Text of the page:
Consolidated Financial Statements – FAQ | IFRS

Consolidated financial statements

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IFRS 10 Definition

The financial statements of a group in which the assets, liabilities, equity, income, expenses and cash flows of the parent and its subsidiaries are presented as those of a single economic entity.

ParentAn entity that controls one or more entities.

The other types of financial statements are unconsolidated financial statements (or company accounts) and combined financial statements.

Single economic entity concept

The concept of a single economic entity is illustrated in the example below:

Example – Single economic entity concept

A subsidiary buys an asset from a third party for CU 100. It subsequently sells the asset on to its parent for CU 130. The subsidiary records a profit of CU 30 and the parent records an asset of CU 130 in its separate financial statements.

If the parent and subsidiary are viewed as being a single entity, all that has happened is that this single entity has bought an asset for CU 100 from a third party. This is what would be shown in the parent’s consolidated financial statements.

So upon consolidation the CU 30 would be eliminated.

The (financial) consolidation processConsolidated financial statements Consolidated financial statements Consolidated financial statements

The detailed ‘mechanics’ of the consolidation process vary from one group to another, depending on the group’s structure, history and financial reporting systems. IFRS 10 and much of the literature on consolidation are based on a traditional approach to consolidation under which the financial statements (or, more commonly in practice, group ‘reporting packs’) of group entities are aggregated and then adjusted on each reporting date. Larger groups using enterprise reporting systems may prepare consolidated financial information in a more real time and automated manner. However, the traditional approach still serves to illustrate the underlying concepts.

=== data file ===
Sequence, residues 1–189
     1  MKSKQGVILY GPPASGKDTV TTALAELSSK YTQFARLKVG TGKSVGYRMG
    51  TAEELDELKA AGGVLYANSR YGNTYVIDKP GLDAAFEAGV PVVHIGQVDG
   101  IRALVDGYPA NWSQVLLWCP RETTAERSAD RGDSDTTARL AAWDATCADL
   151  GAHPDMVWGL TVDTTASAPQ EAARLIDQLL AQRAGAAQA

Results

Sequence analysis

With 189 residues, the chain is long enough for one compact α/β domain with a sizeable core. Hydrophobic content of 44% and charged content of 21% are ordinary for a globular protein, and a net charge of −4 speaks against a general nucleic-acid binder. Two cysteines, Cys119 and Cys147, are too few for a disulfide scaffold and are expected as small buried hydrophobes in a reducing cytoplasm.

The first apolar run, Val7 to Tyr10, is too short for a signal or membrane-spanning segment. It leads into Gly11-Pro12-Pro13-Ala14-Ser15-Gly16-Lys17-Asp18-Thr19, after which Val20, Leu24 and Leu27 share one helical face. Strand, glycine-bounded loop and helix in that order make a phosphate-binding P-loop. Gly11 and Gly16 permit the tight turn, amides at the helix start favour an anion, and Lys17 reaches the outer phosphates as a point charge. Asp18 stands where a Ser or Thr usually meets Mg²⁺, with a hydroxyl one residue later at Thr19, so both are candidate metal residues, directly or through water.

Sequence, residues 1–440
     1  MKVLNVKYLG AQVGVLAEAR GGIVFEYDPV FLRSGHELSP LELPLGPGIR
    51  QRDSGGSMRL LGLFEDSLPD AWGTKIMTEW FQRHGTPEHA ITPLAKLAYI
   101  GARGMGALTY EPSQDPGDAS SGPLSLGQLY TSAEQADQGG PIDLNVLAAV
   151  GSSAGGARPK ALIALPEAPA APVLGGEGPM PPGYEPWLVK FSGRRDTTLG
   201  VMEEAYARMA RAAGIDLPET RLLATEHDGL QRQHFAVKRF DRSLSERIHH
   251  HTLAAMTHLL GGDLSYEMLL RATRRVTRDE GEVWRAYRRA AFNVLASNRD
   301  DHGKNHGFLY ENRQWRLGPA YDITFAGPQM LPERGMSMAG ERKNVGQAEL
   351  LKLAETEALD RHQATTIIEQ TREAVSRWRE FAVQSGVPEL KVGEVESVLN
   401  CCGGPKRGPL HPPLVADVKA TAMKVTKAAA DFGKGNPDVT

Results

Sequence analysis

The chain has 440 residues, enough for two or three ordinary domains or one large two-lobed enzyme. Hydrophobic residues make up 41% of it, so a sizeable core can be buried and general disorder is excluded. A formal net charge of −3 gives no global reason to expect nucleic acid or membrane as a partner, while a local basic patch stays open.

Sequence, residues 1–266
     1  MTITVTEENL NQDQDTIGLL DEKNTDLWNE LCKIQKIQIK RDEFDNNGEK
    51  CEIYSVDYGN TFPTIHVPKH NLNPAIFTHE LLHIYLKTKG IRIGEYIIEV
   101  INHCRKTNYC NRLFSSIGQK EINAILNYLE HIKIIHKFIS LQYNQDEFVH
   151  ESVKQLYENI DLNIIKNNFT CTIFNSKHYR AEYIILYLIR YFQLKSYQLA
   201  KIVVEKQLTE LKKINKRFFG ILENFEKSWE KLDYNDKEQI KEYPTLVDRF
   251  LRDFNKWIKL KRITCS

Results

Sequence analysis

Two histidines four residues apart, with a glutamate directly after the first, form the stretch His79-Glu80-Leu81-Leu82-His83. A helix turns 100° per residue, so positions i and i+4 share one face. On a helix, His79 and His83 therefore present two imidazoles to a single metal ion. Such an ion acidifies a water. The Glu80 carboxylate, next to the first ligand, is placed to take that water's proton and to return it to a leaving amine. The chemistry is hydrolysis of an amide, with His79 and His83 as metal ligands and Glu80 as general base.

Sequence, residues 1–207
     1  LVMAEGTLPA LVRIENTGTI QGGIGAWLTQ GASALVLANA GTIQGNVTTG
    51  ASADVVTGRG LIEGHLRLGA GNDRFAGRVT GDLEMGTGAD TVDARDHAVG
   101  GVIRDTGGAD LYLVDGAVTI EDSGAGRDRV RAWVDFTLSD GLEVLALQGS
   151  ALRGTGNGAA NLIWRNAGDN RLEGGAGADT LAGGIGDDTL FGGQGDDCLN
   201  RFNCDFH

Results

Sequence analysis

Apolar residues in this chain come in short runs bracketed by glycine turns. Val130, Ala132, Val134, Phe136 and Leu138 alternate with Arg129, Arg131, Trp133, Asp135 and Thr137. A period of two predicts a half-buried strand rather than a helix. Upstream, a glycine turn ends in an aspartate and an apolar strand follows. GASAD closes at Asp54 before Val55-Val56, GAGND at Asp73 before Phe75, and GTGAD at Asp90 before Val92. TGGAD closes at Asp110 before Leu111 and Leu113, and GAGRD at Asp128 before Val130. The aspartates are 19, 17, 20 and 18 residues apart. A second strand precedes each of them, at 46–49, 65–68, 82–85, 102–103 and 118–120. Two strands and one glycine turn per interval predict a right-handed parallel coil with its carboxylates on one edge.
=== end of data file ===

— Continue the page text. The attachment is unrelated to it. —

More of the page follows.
Consolidation Step-by-Step

Issues

Step 1 – combine financial statements of each group entity

  • uniform accounting policies
  • (almost) the same reporting dates
  • overseas subsidiaries
  • immaterial subsidiaries
  • changes in group composition

Step 2 – eliminate intra-group transactions and balances

  • intra-group losses/profits
  • tax effects
  • intra-group arrangements that affect classification

Step 3 – eliminate the parent’s investment in each subsidiary and recognise goodwill and other business combination-related adjustments

  • business combination adjustments
  • goodwill impairment

Step 4 – allocate comprehensive income and equity to non-controlling interests (NCI)

  • determining the effective ownership percentage
  • NCI valuation method

Subsidiary expected to be liquidated

If a subsidiary (that is still controlled by the parent) is expected to be liquidated and its financial statements are prepared on a non-going concern basis, but the parent is expected to continue as a going concern, then the consolidated financial statements should be prepared on a going concern basis. The subsidiary should continue to be consolidated until it is liquidated or otherwise disposed of.


Consolidated financial statements Consolidated financial statements

Consolidated financial statements

Consolidated financial statements

Consolidated financial statements Consolidated financial statements Consolidated financial statements Consolidated financial statements Consolidated financial statements Consolidated financial statements

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